‘the nook’ chooses her top three books written by women in america

#1: My Antonía, by willa cather

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willa sibert cather (december 7, 1873 – april 24, 1947) was an american author who achieved recognition for her novels of frontier life on the great plains, in works such as O Pioneers!, My Ántonia, and The Song of the Lark. in 1923 she was awarded the pulitzer prize for One of Ours (1922), a novel set during world war I. cather grew up in nebraska and graduated from the university of nebraska. she lived and worked in pittsburgh for ten years, then at the age of 33 she moved to new york, where she lived for the rest of her life. visit the Willa Cather Foundation to learn more!

#2 House of Mirth, by edith wharton

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edith wharton (born edith newbold jones, january 24, 1862 – August 11, 1937) was a pulitzer prize-winning american novelist, short story writer, and designer. in 1885, she married teddy robbins wharton, 12 years her senior. from a well-established boston family, he was a sportsman and gentleman of the same social class and shared her love of travel. from the late 1880s until 1902, he suffered acute depression, and the couple ceased their extensive travel. at that time his depression manifested as a more serious disorder, after which they lived almost exclusively at The Mount, their estate designed by edith wharton. they divorced in 1913. later she began an affair with morton fullerton, a journalist for The Times.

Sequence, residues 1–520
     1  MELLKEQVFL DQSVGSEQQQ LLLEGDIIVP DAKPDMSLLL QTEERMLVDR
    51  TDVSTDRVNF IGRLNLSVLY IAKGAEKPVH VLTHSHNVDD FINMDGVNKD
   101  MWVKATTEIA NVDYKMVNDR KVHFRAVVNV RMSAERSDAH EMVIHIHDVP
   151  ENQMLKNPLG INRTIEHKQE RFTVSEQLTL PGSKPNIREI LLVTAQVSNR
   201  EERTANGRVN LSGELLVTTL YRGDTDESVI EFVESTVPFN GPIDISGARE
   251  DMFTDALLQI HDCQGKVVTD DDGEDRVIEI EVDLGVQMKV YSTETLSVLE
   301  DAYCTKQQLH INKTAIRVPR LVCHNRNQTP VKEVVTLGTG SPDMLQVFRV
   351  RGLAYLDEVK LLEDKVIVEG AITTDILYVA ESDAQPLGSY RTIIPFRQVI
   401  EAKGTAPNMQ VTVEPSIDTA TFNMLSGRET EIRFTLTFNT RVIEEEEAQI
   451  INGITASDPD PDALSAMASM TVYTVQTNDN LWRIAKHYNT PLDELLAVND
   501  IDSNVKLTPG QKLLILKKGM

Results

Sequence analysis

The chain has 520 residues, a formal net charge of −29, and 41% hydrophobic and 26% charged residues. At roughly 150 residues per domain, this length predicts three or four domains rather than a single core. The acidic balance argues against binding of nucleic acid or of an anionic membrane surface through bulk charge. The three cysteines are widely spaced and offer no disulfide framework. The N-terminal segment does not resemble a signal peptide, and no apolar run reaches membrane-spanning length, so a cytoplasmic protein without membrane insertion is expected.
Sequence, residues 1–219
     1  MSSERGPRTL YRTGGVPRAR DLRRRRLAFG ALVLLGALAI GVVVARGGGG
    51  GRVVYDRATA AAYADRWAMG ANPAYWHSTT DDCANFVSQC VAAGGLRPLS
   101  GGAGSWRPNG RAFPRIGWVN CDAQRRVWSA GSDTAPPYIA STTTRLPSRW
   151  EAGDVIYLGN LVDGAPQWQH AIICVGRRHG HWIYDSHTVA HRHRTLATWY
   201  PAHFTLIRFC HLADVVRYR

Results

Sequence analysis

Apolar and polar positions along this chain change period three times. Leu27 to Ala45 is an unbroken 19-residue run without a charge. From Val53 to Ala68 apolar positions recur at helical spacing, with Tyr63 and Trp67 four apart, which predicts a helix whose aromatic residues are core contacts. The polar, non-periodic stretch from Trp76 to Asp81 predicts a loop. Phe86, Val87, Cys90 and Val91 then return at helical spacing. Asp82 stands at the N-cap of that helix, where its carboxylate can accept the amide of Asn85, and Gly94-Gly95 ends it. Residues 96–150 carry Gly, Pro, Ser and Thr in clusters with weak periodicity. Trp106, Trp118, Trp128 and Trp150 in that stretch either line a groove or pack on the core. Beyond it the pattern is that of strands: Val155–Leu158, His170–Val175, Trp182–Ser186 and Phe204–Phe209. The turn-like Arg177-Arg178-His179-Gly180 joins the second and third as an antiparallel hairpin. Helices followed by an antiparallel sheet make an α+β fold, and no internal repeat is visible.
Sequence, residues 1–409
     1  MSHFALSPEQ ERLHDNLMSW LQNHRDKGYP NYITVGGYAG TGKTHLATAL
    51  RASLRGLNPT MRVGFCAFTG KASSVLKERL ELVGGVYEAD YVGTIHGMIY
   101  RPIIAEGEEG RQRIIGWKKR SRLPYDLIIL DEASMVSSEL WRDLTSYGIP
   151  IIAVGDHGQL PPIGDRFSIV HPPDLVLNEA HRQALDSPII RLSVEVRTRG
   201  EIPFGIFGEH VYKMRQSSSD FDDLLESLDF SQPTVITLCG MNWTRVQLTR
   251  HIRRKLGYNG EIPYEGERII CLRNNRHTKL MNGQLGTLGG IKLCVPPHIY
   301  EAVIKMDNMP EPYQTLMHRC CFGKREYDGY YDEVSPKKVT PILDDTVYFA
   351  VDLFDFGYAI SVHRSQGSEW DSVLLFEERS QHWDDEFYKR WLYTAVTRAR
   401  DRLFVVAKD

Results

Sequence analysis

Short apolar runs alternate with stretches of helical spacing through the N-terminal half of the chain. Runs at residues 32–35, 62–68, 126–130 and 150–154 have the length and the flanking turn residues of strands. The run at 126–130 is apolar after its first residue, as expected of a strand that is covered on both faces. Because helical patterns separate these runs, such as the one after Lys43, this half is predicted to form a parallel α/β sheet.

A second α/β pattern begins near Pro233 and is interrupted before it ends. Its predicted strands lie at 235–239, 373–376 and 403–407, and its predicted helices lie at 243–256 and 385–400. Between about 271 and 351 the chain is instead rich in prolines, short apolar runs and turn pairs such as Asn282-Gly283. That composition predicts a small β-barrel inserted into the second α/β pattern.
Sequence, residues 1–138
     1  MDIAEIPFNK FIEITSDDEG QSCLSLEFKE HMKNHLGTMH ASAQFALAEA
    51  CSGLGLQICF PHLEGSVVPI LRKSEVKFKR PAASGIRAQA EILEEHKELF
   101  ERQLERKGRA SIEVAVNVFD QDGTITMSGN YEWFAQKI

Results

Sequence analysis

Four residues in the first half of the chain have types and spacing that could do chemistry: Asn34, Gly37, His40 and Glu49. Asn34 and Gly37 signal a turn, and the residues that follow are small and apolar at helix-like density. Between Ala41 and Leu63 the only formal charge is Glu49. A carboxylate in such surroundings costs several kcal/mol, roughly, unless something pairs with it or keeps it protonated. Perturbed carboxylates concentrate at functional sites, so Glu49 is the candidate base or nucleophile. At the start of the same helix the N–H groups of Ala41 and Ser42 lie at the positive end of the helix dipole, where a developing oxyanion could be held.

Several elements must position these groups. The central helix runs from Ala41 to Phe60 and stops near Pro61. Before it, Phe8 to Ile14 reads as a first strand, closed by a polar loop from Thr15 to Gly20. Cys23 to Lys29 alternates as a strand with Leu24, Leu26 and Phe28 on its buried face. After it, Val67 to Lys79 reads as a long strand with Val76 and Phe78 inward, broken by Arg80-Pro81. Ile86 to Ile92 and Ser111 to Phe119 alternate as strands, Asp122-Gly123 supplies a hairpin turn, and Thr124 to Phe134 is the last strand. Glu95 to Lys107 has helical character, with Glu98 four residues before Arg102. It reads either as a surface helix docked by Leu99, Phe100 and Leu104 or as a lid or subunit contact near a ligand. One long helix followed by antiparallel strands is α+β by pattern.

#3: Enormous Changes at the Last Minute, by grace paley

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grace paley (december 11, 1922 – august 22, 2007) was born in the bronx to isaac and manya ridnyik goodside, who anglicized the family name from gutseit on immigrating from ukraine. her father was a doctor. the family spoke russian and yiddish along with english.

grace was known for pacifism in her political activism. she advocated for what she called “the betterment of life for everyone.” in the 1950s, grace joined friends in protesting nuclear proliferation and american militarization. she also worked with the American Friends Service Committee to establish neighborhood peace groups, through which she met her second husband robert nichols.

with the escalation of the vietnam war, grace joined the War Resisters League. in 1968, she signed the “Writers and Editors War Tax Protest” pledge, vowing to refuse tax payments in protest against the vietnam war, and in 1969 she came to national prominence as an activist when she accompanied a peace mission to hanoi to negotiate the release of prisoners of war. she served as a delegate to the 1974 world peace conference in moscow and, in 1978 (the year “the nook was born”), she was arrested as one of “The White House Eleven” for unfurling an anti-nuclear banner on the white house lawn.

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